As we collect evidence provided to us by our ever-expanding group, we’ve come up with a few good remedies. Anxiolytic drugs are known to “relieve anxiety”. Many of us suffer from anxiety ranging from slight to severe impairment. It is wise to note that some drugs, such as Bacopa, have enhanced efficacy after chronic administration. Others, such as Tenoten, are applied sublingually and can be used to treat acute anxiety.
It is noted that otherwise healthy individuals, or those with a developing brain, should abstain from nootropic usage. We offer guidance to those in an otherwise dark area. Any of the information here is not to be used or substituted for medical advice.
Bacopa monnieri (also known as Brahmi) is one of the most important herbs in Ayurvedic medicine. It has been used for centuries as a mental tonic originating in India.
Bacopa has been shown in studies to relieve anxiety, improve cognition, and enhance memory formation.  In a rat study, Bacopa increased the levels of serotonin and enhanced the gene expression of serotonin transporters. Studies have shown a relationship between high levels of serotonin and positive mood. 
Bacopa also appears to have an adaptogenic effect by reducing the biochemical effects of stress.
To fully appreciate the positive effects of Bacopa, it needs to be taken consistently. Studies have shown more improvement as time passes. 
Withania somnifera, commonly known as Ashwagandha, is a popular herb used in Ayurvedic medicine. In Sanskrit, Ashwagandha means “the smell of a horse”, because of its unmistakable smell. It is also believed to give vitality and the “strength of a stallion”.
Ashwagandha is believed to act as a neuroprotector, anxiolytic, anti-inflammatory, thyroid-booster, and libido enhancer.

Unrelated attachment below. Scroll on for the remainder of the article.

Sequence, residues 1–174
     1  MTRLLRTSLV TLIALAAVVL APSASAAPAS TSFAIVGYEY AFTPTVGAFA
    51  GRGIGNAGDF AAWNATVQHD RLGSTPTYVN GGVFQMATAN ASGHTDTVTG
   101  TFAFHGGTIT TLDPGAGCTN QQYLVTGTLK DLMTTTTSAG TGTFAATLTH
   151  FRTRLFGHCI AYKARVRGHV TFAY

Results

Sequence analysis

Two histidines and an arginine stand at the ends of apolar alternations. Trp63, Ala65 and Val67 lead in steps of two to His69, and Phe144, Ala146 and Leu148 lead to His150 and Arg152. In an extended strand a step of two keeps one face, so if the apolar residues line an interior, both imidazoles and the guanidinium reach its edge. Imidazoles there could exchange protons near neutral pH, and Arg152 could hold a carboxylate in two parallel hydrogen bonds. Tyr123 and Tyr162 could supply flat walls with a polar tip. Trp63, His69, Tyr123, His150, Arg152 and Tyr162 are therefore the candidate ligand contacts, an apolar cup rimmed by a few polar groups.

Ashwagandha activates GABA-A receptors, the mechanism of action responsible for its anxiolytic and sleep-inducing effects.
It has been shown to be as effective as fluoxetine for obsessive-compulsive disorder (OCD) in a mice study.
L-Theanine is a natural amino acid contained in green tea. Most store-bought teas contain minimal amounts of L-Theanine, however, concentrations are greater in teas such as matcha, gyokuro, and kabusecha.
L-Theanine is structurally similar the neurotransmitters glutamate and GABA. L-Theanine is also a neuroprotective agent which increases the amounts of serotonin, dopamine, and GABA in various areas of the brain. It’s commonly used with stimulants, — like caffeine or amphetamines —, to reduce side effects, but it is also effective by itself.
Inositol is a sugar involved in cellular signaling and as a component of cell membranes. There are nine different inositol molecules. The most abundant of these being myo-inositol.
Inositol was once considered a B vitamin (formerly Vitamin B8). It was later found to be producible by the human body, disproving it as an essential nutrient. It is naturally found in small quantities in milk products, fruits, and vegetables.
Research shows high dose Inositol supplementation (18 g) was as effective as fluvoxamine (150 mg) in decreasing the number of panic attacks and reducing the symptoms of obsessive-compulsive disorder (OCD). 
Phenibut is a gamma-aminobutyric acid (GABA) derivative.